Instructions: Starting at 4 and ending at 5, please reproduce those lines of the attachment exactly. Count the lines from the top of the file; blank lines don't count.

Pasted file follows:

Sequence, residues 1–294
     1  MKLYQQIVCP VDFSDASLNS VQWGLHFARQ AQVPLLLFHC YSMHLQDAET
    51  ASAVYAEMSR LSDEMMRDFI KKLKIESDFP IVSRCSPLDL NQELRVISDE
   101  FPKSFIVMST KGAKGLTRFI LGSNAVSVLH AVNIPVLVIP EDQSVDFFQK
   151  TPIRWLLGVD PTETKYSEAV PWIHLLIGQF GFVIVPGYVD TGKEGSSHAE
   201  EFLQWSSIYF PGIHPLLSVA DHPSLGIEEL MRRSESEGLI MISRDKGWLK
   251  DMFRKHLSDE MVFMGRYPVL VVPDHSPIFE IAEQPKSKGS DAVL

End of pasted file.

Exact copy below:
   101  FPKSFIVMST KGAKGLTRFI LGSNAVSVLH AVNIPVLVIP EDQSVDFFQK
   151  TPIRWLLGVD PTETKYSEAV PWIHLLIGQF GFVIVPGYVD TGKEGSSHAE